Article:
Cataract surgery, while highly successful, carries some risks and potential complications, similar to any surgical procedure. These include:
- Postoperative Infection: Though rare, infections can occur after cataract surgery and may require treatment with antibiotics.
- Inflammation: Some degree of inflammation is common, but excessive inflammation might require treatment.
- Retinal Detachment: This is a rare but serious complication where the retina at the back of the eye detaches.
- Posterior Capsule Opacification (PCO): Sometimes referred to as a secondary cataract, PCO can develop in the months or years after surgery, causing vision to become cloudy again.
- Swelling or Edema: Swelling of the cornea or retina can occur, impacting vision.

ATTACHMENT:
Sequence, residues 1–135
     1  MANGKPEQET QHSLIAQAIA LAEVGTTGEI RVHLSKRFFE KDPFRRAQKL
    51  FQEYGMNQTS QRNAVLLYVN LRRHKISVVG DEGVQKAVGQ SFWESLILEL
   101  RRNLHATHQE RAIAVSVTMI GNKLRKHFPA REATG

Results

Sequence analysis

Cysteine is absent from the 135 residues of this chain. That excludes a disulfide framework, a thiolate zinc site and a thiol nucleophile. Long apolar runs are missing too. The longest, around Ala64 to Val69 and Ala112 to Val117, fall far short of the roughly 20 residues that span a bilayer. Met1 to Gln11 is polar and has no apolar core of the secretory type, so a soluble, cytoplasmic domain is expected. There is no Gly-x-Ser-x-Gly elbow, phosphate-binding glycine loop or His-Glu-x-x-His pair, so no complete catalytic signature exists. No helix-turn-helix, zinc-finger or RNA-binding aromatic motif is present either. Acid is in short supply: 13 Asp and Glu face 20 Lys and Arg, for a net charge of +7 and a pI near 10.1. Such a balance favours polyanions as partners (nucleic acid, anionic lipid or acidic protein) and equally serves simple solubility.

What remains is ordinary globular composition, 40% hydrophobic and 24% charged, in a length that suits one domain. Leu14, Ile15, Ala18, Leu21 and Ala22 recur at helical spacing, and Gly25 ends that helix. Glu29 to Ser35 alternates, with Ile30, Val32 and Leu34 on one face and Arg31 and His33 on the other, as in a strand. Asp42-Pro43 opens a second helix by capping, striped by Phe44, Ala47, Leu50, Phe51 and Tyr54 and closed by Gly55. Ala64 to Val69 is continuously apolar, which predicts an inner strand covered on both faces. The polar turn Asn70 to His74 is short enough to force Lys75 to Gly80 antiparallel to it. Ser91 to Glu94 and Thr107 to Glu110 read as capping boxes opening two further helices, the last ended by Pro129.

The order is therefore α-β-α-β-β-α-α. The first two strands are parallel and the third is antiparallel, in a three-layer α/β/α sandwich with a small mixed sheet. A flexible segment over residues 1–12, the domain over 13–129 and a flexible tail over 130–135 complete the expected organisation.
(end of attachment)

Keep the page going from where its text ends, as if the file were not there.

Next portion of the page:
- Lens Dislocation: The artificial lens implanted during surgery can sometimes move from its correct position.
- Change in Eye Pressure: Some patients may experience increased eye pressure after surgery, which needs to be monitored and managed.
While these complications can sound concerning, it’s important to remember that cataract surgery has a high success rate. Most complications are manageable, and the risk of serious problems is low. Preoperative assessment and postoperative care are critical to minimizing these risks.